When considering the landlord-tenant relationship, it’s often the former that gets the most scrutiny. As with any balanced exchange though, both must consider their conduct. So how does the tenant hold up their side of the deal? Here’s our guide on how to be a good tenant and avoid potential problems with your new landlord.
Be open and honest
‘Honesty is the best policy’ – this holds for most situations, including how you deal with your landlord. After you’ve found your ideal property they may, for example, ask you for confirmation of your work status and salary as part of the application process. Don’t lie. If you need to fabricate a career or falsely inflate your salary, it’s likely that you can’t afford the property in the first place, and you shouldn’t sign a contract that’ll put you in financial difficulty.
Always pay rent on time
It goes without saying, but paying rent in full and on time is the most important way to keep your landlord happy. If you’re struggling to make a payment, speak to your landlord and let them know the reasons why. They might push the due date back – at the very least, they’ll have a better understanding of your situation. On the rare chance that events seem to be spiralling downwards, contact Shelter or the Citizens Advice Bureau for help.
Keep the property in good condition
Once you’ve moved in, you’ll want to keep your new home liveable. Whilst the onus is on the landlord to organise repairs, it’s the tenant’s responsibility to keep the property generally clean and tidy. What does this mean exactly? Sweep the floors, hoover the carpets, clean the windows, organise your things, and keep the kitchen and bathroom sparkling.
If you do notice anything that needs repairing – burst pipes, jamming locks, clunky washing machines etc. – notify your landlord or property management agent straightaway. As a tenant, you’re not expected to pay for or make repairs yourself – just report them.
Stick to the rules
Rules can sometimes feel constraining but in the context of a rental agreement, they could save you from losing your deposit further down the line. So what kind of rules should you look out for? Well, for a start – are you allowed to smoke in the flat? The answer is probably no, but in any case, check your rental contract. The same goes for having a pet – take a look over the small print. If it bans your furry-friend from living in the property, it might be worth having a word with your landlord directly – they may be willing to make an exception for you.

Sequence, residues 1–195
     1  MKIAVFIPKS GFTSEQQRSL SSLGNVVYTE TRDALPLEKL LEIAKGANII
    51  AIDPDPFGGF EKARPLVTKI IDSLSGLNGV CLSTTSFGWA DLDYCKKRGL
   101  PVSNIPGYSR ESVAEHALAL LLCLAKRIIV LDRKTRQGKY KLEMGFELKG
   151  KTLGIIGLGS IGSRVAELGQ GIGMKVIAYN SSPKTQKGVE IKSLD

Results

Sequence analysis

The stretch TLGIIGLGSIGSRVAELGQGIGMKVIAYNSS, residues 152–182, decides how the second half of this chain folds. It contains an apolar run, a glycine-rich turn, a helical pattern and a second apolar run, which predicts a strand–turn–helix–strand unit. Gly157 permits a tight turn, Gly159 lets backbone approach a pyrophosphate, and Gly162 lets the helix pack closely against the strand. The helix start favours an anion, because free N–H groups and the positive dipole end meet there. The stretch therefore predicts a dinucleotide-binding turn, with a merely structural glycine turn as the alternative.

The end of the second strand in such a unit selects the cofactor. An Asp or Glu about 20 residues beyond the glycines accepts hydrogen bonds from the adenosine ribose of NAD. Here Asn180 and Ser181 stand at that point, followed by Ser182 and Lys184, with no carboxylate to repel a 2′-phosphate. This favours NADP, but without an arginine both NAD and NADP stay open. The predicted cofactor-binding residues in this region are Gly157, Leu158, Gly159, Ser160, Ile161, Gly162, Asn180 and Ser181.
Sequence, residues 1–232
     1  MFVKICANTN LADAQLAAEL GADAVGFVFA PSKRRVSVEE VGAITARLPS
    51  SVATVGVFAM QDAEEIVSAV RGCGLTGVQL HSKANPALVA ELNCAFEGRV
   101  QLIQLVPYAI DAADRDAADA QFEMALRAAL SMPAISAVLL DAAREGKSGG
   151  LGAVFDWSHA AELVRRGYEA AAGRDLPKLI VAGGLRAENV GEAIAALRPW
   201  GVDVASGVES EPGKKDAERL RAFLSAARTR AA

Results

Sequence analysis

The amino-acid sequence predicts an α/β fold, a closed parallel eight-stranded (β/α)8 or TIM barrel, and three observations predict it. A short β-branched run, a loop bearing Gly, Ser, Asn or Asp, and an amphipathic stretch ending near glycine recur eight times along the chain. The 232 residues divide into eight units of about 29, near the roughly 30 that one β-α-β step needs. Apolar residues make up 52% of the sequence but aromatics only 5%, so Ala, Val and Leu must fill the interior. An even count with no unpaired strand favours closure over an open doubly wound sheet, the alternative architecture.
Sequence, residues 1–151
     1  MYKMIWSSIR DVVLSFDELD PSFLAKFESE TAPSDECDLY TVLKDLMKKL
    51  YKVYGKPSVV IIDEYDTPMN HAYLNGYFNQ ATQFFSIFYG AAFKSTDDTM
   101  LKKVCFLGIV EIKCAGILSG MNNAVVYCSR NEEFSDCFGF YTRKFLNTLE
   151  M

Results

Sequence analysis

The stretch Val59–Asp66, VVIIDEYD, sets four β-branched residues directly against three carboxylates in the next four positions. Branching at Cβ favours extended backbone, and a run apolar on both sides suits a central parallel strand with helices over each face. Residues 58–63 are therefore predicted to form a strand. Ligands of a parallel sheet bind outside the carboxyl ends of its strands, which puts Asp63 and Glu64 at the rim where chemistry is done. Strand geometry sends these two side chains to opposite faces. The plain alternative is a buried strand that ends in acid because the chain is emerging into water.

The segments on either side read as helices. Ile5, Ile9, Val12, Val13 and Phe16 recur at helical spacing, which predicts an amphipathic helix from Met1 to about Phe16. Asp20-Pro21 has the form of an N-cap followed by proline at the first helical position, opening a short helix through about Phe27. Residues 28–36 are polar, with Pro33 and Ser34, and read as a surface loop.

Leave in the right way
As the saying goes, all good things must come to an end. If you’ve kept your place in good shape and developed a positive relationship with your landlord, you’ll be sorry to leave. But leave you must, and in the best way possible.
How to do this? Inform your landlord in ample time, and leave in an orderly manner. Your contract, whether a fixed or periodic agreement, will state what your notice period is. More often than not it’s a month, provided that you’ve passed the minimum time limit stipulated in the break clause.
When it’s time to close the front door for the last time, make sure the property is spotless. Cleaning costs are among the most debated when considering deposit deductions, and it’s the tenants responsibility to guarantee a squeaky-clean condition.
Having a good relationship with your landlord holds the key to a successful tenancy. By being open with them and looking after their property, you’ll be sure to be one of their best tenants.
James Anderson deals with a range of properties in Barnes, East Sheen, and Putney. If you’re currently looking for your next rental property in these areas, check out which properties we’re currently working with.